Letters

J. at its best

As a subscriber to your newspaper for 27 years, I have never been more deeply moved by a feature than by Alix Wall’s report of Joshua Kaplan’s teshuvah — from crazed murderer toward redemption (“Road to atonement,” Sept. 21).

This handsome young man with tilted head and purposeful gaze looks directly into the soul of everyone who can feel his heavy burden. I believe that when Kaplan’s parole ends in five years, he will not only reclaim his rightful citizenship, but eventually contribute to society in meaningful ways.

Wall was able to plumb both Kaplan’s mind and spirit for any sympathetic reader of his sad story. This was j. at its best.

Thank you and shana tovah to Joshua, too. He has “chosen life” and “lives.”

Marian Blanton   |   San Rafael

 

Jerusalem and Obama

The letter that relegated the recent controversy about the Democrat platform’s omission and reinsertion of Jerusalem as Israel’s capital to “much ado about nothing” is mistaken (“We’re more united than we think,” Sept. 14).

Yes, the platform is non-binding and every previous platform of both parties recognized Jerusalem as Israel’s capital without a subsequent move of our embassy. However, President Obama’s actions, not in election mode, imply a policy toward Jerusalem both substantially different from that of his predecessors and in sync with that of the majority of Democrat delegates who voted against reinserting the statement.

In March 2010, during Vice President Biden’s visit, Jerusalem authorities announced a new housing project in a Jewish neighborhood, an embarrassment for which Prime Minister Netanyahu publicly apologized. Rather than accept the apology, Obama initiated a major diplomatic confrontation out of any proportion to the actual incident.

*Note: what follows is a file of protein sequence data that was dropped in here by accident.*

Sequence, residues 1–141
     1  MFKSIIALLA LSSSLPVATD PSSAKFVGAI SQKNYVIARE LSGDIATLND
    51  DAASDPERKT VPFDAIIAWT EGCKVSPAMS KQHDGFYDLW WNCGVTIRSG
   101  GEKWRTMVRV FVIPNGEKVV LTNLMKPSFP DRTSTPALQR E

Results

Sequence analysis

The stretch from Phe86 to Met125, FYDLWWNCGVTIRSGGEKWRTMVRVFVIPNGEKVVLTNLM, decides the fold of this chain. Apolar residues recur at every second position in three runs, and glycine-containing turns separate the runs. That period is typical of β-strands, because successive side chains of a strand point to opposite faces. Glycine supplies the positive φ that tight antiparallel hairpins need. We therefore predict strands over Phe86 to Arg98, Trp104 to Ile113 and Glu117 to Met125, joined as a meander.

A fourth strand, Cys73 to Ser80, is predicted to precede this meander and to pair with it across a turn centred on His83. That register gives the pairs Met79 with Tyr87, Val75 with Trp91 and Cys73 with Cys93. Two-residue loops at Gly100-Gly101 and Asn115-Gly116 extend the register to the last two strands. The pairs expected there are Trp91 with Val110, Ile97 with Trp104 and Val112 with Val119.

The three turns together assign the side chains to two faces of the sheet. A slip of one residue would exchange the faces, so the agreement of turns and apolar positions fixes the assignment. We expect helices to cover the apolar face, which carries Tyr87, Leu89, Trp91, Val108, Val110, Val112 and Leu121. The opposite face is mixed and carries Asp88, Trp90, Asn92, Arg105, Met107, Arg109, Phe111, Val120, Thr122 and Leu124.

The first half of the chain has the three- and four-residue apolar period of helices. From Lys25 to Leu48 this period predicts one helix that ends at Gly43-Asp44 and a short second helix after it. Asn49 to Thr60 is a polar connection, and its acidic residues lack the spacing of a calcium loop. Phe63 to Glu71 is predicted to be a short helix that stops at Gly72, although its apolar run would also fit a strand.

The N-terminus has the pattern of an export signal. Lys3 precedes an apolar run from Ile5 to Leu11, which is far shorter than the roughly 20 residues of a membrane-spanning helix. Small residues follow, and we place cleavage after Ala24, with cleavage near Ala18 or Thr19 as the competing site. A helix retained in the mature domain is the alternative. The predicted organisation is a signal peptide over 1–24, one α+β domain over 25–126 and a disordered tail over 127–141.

Obama’s anger was legitimate; however, Netanyahu’s apology was sincere. Furthermore, he had recently declared a 10-month building freeze in the occupied territories and agreed to the indirect negotiations in spite of his preference for direct negotiations. Yet these significant actions toward substantive negotiations made no difference to Obama as he escalated the confrontation.

We should remember March 2010.

Steve Astrachan   |   Pleasant Hill

 

A blind eye to injustices

In her Sept. 21 op-ed, Carol Sanders’ assertion that the problem in the Bay Area is hate speech against Muslims and Arabs bears no relation to reality (“Misrepresenting campuses as hotbeds of anti-Semitic activity a disservice to all”).

She gives one example: an ad placed on buses saying, “In any war between the civilized man and the savage, support the civilized man. Support Israel. Defeat jihad.”

Bay Area Jewish groups quickly condemned the ad. The Bay Area is as hospitable an environment for Muslim religious practice and the Arab political viewpoint about the Middle East as exists in the United States.

By contrast, Jewish viewpoints frequently have been met with responses outside the bound of acceptable discourse. Publicly placed ads supporting Israel have been defaced. Swastikas have been painted on buildings at U.C. Berkeley. Activists have attended public speeches and shouted down visiting Israelis. Opponents of Israel have portrayed Jews as Nazis.

Notably absent is a response from Muslim communities in the Bay Area condemning these actions and expressions of hate.

Disruption and ad hominem invective are an affront to the values of a university. Rather than deny the findings of the Jewish Campus Climate Report, Ms. Sanders should refocus her energies on making college campuses more hospitable for all.

Adam Cole   |   San Francisco

 

Palestinians want one state: theirs